- Jim Lecinski, Google – The Changing Face of B2B Marketing
- Eduardo Conrado, Greg Meyers, Paul Steinberg, Motorola Solutions – Mission: Innovation – Creating a Compelling Case for Change at a Successful B2B Company
- Russell Stokes, Krisi Lundgren, GE Transportation – A Whole New Train of Thought: Delivering Customer Outcomes
- Russell Glass, Sean Callahan, authors, “The Big Data-Driven Business: how to use big data to win customers, beat competitors and boost profits”
- Laura Ramos, Forester Research, “Predicting the Future”
I’m oversimplifying as there were numerous more phenomenal speakers and presentations, but you get the idea. Top notch content! Here are the top 7 themes that stood out during the conference:
Millennials (ages 18-34) already make up 46% of today’s potential buyers researching B2B products. In 10 years, Millennials will make up 70% of the workforce so expect their buying power to increase. To target them effectively, take time to understand how to relate to your audience and how they consume content. This is a generation that’s as comfortable with start-ups as it is with established legacy businesses, therefore don’t overlook start-ups as your competitors, even if they don’t compete with you directly. In addition, Millennials bring their business-to-consumer (B2C) shopping expectations to the B2B buying process. They will seek out start-ups to unbundle services to get what they need.
2. Be excellent at delivering a great mobile experience.
We have officially reached a tipping point. Time spent online exceeds all other media, including TV. Of this, 80% of time spent is with mobile devices. Wearable technology, such as the Apple Watch, will continue to drive this trend. This changes how B2B buyers behave and how B2B decisions are made. In fact, the number of B2B searches has tripled over the last 3 years, with 42% of all searches for B2B taking place on mobile devices. Another interesting statistic is that 60% of these B2B customers are only researching 1-2 brands. Today’s B2B buyers have a better idea of what they are looking for. And, the B2B buyer does not behave that much different than the general population.
Bottom line, your first job as an excellent B2B marketer is to deliver a great mobile experience first.
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3. Customers come first. The rise of personas as content drivers.
Gone are the days where your product or service leads. Today’s best marketing programs are focused on outcomes and what customers receive. Value propositions and content marketing programs need to be based on personas for a more surgical approach in marketing efforts. Taking time to get to know your customers helps you understand how to modify content according to their preferences and where they are in the buying cycle. And, make sure you are speaking to customers using accessible language so your message doesn’t get lost. This is important even in industries steeped in heritage. After all, we’re still marketing to consumers.
4. Marketing should deliver better experiences for customers.
We’re at a juncture of advanced customer expectations, solution evolution and the need for innovation. This innovation for customers can, and should be, driven by marketing, IT and R&D. Our design thinking and IT priorities should blend the needs from sales, service and marketing to deliver a cohesive customer experience. This type of collaboration with IT and R&D changes corporate cultures with IT being the strategic enabler to get us there.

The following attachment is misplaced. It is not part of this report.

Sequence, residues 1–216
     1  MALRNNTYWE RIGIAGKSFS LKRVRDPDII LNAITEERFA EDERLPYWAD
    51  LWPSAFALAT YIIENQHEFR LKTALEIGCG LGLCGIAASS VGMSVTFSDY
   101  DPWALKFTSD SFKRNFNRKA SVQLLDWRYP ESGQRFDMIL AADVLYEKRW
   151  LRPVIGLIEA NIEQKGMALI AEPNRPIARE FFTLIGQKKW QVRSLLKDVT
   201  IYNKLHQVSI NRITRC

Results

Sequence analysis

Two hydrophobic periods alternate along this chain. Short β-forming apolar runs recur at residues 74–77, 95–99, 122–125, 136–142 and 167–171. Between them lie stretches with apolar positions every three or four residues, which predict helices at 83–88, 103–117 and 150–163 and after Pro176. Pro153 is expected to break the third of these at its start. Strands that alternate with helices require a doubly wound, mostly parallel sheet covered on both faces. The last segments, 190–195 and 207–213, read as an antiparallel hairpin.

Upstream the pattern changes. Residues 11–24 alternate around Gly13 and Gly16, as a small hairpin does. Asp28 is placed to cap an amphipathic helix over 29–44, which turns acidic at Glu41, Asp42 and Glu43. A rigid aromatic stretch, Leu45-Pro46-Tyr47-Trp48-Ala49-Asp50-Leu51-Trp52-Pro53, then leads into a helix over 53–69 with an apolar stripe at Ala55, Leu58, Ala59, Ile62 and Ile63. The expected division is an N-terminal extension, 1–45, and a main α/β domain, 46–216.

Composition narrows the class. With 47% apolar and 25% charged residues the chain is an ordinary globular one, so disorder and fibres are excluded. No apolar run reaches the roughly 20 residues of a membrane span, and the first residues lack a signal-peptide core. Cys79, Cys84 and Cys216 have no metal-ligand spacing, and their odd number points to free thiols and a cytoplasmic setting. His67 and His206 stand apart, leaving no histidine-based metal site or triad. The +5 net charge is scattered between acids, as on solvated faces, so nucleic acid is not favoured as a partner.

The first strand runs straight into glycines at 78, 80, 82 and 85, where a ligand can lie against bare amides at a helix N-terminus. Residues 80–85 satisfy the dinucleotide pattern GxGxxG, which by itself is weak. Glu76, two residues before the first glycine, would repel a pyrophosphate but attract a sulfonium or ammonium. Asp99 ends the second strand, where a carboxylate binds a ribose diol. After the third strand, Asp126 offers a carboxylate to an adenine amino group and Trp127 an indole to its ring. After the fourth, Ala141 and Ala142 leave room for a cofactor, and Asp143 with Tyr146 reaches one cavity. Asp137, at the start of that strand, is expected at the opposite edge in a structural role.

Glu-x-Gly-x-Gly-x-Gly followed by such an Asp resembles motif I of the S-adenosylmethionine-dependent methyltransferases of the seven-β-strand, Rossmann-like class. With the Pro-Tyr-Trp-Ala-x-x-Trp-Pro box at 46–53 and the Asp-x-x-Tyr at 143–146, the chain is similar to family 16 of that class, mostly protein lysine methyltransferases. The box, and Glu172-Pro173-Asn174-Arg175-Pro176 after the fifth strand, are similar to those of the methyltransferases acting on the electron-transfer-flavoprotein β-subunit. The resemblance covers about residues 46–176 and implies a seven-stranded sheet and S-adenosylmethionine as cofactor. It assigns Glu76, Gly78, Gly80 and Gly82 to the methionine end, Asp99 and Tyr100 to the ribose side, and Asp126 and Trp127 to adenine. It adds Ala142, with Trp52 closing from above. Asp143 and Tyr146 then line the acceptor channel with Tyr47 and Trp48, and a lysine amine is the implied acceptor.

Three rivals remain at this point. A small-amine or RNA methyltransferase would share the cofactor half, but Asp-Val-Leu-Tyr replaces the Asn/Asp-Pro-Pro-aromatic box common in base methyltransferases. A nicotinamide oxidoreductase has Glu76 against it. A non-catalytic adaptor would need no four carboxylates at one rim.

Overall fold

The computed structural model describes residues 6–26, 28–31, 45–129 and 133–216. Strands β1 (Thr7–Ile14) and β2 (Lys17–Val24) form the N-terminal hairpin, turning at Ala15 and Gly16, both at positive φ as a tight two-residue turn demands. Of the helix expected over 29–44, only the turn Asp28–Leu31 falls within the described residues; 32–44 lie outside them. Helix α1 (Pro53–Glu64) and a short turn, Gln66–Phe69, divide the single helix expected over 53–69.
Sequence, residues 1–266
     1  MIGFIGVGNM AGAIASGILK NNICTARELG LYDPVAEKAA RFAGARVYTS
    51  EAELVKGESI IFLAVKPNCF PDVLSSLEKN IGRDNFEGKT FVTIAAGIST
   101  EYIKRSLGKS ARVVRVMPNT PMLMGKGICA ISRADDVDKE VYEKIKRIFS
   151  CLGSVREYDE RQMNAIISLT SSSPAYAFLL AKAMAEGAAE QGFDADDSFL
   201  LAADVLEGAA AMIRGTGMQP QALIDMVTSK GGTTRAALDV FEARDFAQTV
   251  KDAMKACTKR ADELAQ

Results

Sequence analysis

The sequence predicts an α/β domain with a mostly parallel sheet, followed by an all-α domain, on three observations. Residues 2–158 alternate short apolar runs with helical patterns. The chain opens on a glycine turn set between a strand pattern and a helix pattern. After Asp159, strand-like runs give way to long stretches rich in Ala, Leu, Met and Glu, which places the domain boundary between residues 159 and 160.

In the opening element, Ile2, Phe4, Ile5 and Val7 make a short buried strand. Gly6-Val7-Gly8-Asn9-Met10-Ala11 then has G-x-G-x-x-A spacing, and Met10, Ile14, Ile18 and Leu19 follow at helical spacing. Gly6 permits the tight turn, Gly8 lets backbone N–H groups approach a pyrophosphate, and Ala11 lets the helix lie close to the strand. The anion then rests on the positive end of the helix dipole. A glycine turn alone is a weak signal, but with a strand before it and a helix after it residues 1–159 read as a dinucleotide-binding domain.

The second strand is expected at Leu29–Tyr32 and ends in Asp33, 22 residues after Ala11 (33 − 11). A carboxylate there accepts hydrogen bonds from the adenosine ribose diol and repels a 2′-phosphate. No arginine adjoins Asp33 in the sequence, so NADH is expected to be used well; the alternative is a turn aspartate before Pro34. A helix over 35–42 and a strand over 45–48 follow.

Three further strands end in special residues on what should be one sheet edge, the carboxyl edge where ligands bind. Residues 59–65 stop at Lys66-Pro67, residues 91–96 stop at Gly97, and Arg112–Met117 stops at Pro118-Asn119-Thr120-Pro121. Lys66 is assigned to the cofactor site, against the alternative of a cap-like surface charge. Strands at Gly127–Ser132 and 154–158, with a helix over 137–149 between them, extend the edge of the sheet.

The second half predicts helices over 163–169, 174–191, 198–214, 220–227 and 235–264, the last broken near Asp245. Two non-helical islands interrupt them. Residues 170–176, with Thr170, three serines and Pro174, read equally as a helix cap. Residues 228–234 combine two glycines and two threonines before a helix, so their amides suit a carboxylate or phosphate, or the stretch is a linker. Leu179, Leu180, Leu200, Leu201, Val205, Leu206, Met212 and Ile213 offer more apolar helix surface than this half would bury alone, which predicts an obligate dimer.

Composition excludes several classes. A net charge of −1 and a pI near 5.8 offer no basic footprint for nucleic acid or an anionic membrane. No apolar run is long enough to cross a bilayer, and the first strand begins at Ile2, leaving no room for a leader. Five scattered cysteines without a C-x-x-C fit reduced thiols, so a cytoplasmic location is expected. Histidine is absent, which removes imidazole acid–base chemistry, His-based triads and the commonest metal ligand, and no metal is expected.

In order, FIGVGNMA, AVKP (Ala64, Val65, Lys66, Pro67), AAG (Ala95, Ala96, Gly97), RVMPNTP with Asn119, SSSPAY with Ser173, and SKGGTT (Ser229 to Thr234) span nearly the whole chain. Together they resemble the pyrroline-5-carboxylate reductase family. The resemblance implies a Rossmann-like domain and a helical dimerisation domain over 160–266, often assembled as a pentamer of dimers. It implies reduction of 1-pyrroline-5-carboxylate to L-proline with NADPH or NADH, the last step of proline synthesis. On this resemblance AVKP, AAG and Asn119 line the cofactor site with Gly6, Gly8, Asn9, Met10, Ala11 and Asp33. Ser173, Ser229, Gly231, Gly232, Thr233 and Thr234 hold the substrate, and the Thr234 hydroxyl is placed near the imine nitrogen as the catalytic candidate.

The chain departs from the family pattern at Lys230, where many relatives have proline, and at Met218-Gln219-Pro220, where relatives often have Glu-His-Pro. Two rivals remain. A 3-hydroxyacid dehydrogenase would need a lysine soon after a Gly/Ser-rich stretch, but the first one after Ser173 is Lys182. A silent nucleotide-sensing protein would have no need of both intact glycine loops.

5. The future of B2B marketing is predictive analytics.
Forester believes that predictive analytics is the next big evolution in B2B marketing. They also believe that with the rise of data-driven marketing, B2B marketers are going to become indispensable in the buyer’s journey. With these new levels of insights, marketers will be able to tailor content the right way, in the right moment, where customers are searching so that their message can be more relevant and nurturing than ever before. This will also create better customer experiences (need I remind you of trend #4?). This ability is not a fantasy, predictive analytics is already here and the adoption is coming. Judging by the hallway conversations during the BMA15 conference, putting this concept into practice is still out of reach for many B2B companies; but it is on the horizon.
6. B2B marketing is challenging: educate yourself.
As if you haven’t drawn this conclusion reading trends 1-5, then you’ve likely already figured it out through your own experience. This trend will continue and your team will need knowledge to navigate the evolving landscape successfully.
In 1965, Gordon Moore, co-founder of Intel, predicted that over the history of computing hardware, the numbers of transistors in a dense integrated circuit will double every two years. This prediction, known as Moore’s Law, has held true. If it continues to hold true, in 2023 the contents of a laptop will hold the knowledge of one human brain. In 2035, it will hold the intelligence of all human brains. Think of what this will mean for marketing!
7. Marketing must adapt and evolve
My biggest take-away from the conference isn’t necessarily new, but a good reminder that we all need to stay current with our skill sets. This may mean setting aside resources to learn as you go. Frankly, some of the most exciting and rewarding work that our agency is doing is the work that’s new to us and our clients. It keeps us exploring the edges of what’s possible together and refining our approach.
Stephani Simon is the president of Inprela communications, a business-to-business PR firm that works exclusively with healthcare and manufacturing companies. Stephani is a long-time member of BMA MN and most recently served on the association’s board of directors as the Communications Chair.